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What does Making Tax Digital mean for businesses?

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Making Tax Digital has changed the way your business pays its taxes to HMRC. The first of these changes came into play in April 2019. This article sets out what Making Tax Digital means for you and your business. It also answers a series of common questions that you may have about the new legislation.

What is Making Tax Digital?

Making Tax Digital is a scheme by the UK government to make it easier for businesses and individuals to manage their taxes. The first stage started on 1 April 2019 and is called Making Tax Digital for VAT.

From that date, VAT-registered businesses (those companies with their turnover over the VAT threshold, which is currently £85,000) are required to digitally submit their tax records to HMRC. They will no longer be able to do this via HMRC’s Government Gateway.

What was the original goal of Making Tax Digital?

Transforming the tax system by 2020 was the UK government’s original goal. The plan was to introduce digital record keeping while also bringing in quarterly updating for landlords, the self-employed and businesses, covering self-assessment, corporation tax and VAT.

A phased introduction of Making Tax Digital was put forward by the government, with the plan of it being implemented between the 2018-19 and 2020-21 tax years. However, this was revised in 2017 and delayed to April 2019, with Making Tax Digital for VAT the first area to come into fruition.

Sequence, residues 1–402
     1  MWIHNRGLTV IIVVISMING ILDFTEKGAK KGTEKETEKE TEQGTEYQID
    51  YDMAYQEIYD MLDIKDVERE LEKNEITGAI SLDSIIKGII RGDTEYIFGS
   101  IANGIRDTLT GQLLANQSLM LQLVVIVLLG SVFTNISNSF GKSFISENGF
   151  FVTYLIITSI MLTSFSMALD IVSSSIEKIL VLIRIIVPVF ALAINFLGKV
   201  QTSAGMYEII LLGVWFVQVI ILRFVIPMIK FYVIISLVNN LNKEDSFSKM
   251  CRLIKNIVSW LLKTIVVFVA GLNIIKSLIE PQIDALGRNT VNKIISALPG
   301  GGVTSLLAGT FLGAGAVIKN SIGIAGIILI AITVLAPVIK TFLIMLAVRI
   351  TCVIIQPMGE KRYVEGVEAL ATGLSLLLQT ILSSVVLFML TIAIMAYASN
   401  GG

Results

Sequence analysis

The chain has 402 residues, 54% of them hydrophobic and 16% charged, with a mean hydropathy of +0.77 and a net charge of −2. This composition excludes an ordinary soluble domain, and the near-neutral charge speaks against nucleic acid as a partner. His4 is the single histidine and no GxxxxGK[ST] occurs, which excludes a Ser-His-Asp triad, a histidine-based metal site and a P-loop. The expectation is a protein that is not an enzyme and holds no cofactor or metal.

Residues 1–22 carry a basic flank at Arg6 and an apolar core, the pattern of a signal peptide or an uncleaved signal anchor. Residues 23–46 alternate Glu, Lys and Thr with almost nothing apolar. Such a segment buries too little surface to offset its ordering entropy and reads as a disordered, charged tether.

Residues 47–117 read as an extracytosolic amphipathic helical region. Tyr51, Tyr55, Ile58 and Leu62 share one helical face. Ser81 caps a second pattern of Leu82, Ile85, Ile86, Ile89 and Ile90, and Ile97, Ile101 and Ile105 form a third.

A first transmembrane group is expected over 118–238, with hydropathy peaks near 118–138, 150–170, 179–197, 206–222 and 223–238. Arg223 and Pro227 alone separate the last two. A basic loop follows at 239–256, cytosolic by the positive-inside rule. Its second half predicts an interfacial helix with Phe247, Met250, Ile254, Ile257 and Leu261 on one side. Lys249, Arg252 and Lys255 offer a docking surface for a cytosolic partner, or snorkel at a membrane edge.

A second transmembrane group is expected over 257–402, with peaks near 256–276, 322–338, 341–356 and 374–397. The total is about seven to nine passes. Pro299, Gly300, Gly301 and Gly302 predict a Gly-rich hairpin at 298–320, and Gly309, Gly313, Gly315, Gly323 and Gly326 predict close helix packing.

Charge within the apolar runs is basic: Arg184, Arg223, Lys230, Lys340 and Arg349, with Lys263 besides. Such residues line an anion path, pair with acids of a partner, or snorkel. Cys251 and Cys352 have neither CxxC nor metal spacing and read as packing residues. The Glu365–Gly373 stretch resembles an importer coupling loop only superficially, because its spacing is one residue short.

Making Tax Digital background: What was announced on 13 July 2017?

On 13 July 2017, HMRC published its second Finance Bill of 2017, which included changes to the proposed Making Tax Digital initiative.

The government said it believed that introducing a new digital tax system was still the right direction to move in. However, it made amendments to the businesses impacted and the timescales for change. The amendments to Making Tax Digital meant:

  • Only VAT-registered businesses will need to keep digital records and only for VAT purposes.
  • They will only need to do so from 1 April 2019.
  • Businesses will not be asked to keep digital records or update HMRC quarterly for other taxes until at least April 2021 (the original dates had implementation from April 2019, then 2020).

What does that mean for businesses?

If you are VAT registered, you need to move to digital record keeping (i.e. use software to record all your VAT invoices and receipts). If you are not VAT registered then digital record keeping is optional. However, these business owners can gain updated income tax estimates whenever they want, which will help with cash flow forecasting.

Answers to common Making Tax Digital questions

As your business is likely to have questions about Making Tax Digital and what it means for the company, here are some answers to queries you may have.

My company uses spreadsheets for business records – what will that mean for me?

You can still continue to use spreadsheets to digitally record and store your business records. However, you will need to make sure those spreadsheets can digitally submit any necessary data to HMRC.